“I never intended to write a love story, to be honest. It wasn’t until my 30s that I could look back at my own first time falling in love and appreciate it for how truly amazing, horrible, and kind of hilarious it was. ‘Slingshot’ isn’t at all a memoir but my attempt at doing justice to the subject matter of being completely blindsided by the momentous fifty-foot wave of feelings and confusions and burning convictions of first-time love.”
Jennifer Morrison: You knew you wanted to write a novel, and you had an idea of what it might be about—what is your process to actually making that something real?
Mercedes Helnwein: Well, I’ve been writing my whole life. I wrote my first official story when I was about ten years old and ever since then it was just something I did. When I was a teenager, that’s what I wanted to do – be a writer. I didn’t think I would ever publish anything but I always continued, and that has never changed.
As far as 'Slingshot' is concerned, I started writing this story about 10 or so years ago. I was looking for a new idea to write about, and at the time, my little brother was going through his first heartbreak. I was giving him advice on the matter and trying to help him feel better but he was very solidly in that place of “That was the ONE person in the world for me, and now it’s over for eternity!” And to me, as an adult, his reaction was kind of hilarious, and yet I completely understood how he felt because I was the same way when I went through my first heartbreak.
And that’s what got me interested in exploring that theme in a story. I felt like there was a lot of humour to be found there, amongst the drama and turmoil.
When you were in the throes of your first heartbreak, did part of you have enough awareness to think, “I’m going to think this is really funny someday?”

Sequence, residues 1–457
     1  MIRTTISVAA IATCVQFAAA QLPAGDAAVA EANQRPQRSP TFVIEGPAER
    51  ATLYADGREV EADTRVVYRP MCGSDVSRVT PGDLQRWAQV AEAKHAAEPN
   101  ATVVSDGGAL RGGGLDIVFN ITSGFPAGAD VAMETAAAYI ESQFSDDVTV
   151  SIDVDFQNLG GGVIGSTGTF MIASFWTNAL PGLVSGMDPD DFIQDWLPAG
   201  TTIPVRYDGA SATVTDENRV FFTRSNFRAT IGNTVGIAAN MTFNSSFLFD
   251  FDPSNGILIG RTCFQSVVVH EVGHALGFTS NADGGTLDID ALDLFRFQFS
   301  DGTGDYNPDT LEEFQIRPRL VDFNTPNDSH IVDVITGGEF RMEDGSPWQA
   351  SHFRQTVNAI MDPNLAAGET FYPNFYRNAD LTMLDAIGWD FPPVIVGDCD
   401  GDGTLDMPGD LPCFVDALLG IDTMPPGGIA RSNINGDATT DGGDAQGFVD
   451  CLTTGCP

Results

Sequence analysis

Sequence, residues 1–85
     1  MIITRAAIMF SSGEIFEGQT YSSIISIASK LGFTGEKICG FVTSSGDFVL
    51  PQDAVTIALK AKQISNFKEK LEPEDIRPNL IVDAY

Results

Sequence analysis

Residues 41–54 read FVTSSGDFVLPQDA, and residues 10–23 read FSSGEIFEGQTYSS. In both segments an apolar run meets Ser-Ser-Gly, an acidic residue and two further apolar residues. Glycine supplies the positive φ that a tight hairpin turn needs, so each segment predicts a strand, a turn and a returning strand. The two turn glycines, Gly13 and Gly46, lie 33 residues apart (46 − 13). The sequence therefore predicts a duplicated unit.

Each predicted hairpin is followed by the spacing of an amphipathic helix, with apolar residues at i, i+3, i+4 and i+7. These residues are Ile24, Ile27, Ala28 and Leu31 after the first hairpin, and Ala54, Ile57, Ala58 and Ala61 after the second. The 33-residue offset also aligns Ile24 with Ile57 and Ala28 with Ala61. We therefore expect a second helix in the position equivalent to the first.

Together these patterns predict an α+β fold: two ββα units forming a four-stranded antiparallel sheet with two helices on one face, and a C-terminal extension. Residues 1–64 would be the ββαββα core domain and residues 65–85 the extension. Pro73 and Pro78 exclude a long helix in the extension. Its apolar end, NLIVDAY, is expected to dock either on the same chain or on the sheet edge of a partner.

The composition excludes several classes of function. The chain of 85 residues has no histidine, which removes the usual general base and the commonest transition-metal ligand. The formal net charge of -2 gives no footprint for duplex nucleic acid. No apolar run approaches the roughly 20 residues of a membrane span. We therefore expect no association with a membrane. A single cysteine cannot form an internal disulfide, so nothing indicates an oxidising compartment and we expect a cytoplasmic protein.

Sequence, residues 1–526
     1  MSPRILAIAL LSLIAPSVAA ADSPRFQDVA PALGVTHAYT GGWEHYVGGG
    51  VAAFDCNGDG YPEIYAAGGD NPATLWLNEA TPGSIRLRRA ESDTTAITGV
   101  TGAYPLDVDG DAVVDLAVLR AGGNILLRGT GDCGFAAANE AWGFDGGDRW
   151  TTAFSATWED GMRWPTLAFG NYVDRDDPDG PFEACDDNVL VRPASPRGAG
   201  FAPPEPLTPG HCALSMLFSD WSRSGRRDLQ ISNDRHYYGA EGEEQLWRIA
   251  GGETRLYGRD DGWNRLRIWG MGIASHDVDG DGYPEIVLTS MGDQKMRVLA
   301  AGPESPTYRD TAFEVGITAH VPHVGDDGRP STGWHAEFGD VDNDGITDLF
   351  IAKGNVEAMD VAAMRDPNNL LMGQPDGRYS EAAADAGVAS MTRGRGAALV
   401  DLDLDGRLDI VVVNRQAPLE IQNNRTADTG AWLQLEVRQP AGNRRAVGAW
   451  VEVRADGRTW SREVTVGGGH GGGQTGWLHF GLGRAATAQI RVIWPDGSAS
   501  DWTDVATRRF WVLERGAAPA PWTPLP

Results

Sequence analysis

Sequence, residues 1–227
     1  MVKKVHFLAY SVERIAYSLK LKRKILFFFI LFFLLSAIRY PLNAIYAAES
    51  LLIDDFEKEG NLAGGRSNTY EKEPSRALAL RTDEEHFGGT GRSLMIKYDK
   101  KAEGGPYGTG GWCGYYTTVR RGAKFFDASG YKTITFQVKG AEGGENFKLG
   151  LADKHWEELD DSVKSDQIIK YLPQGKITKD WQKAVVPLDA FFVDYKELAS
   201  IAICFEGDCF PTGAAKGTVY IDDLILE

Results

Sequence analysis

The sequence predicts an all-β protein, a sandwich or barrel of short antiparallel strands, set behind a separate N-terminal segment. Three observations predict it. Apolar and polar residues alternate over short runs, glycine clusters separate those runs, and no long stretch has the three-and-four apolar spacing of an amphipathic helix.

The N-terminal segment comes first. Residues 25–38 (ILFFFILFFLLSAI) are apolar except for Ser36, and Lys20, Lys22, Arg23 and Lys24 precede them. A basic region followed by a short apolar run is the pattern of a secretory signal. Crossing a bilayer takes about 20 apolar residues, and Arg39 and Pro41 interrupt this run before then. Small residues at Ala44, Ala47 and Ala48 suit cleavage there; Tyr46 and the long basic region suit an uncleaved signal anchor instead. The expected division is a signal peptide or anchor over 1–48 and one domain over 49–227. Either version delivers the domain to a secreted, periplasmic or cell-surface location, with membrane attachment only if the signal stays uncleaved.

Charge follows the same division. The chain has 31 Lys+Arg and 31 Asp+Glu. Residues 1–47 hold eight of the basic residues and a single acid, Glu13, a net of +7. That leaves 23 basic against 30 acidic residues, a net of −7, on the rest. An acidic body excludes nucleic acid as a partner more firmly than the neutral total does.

(Laughing) No! It was not even remotely funny to me at the time. It was debilitating. The thing that was so disorienting was that it was a completely new way to feel pain. I had never felt that way before. I didn’t know that that kind of misery existed!
And that’s something I was trying to relate in the book: how when heartbreak happens for the first time, it’s different than any other time, because it’s such an alien way to feel. You have no prior experience with it. One minute, you’re oblivious, just coming out of childhood, and the next minute this thing slams into you without any warning – and you didn’t know that you could feel that miserable. It’s a lot to grapple with. At that moment, you don’t even know that it will ever end – and you don’t know that about 85% of all your convictions under the influence of heartache are probably delusional.
So much of the novel is about just the nitty-gritty of first love. It’s not “Oh, I’m so in love and it’s so great!”
Yeah, that’s funny because the subject matter of love started to become interesting to me only when I viewed it through heartbreak. I wanted to specifically write about the whole experience of first love, including very much how it ends, because that’s usually a huge part of it.
Okay, so basically, going from the idea to the actual writing of the novel was very natural for you because you were already writing things that had structure – and it was just something that was a natural part of your life?
Yeah, but that being said, I probably don’t write novels in the most effective, structured way possible. I just start writing and see where it goes.
It feels like you’ve taken great care to give everyone their own voice through dialogue. What is your process in terms of finding the core of that for a character and also refining it over time?
A lot of the characters were based on actual people I knew, so I didn’t fully start from scratch. There were certain things I knew about each character from the get-go, and then I built on that and created new people that became their own characters.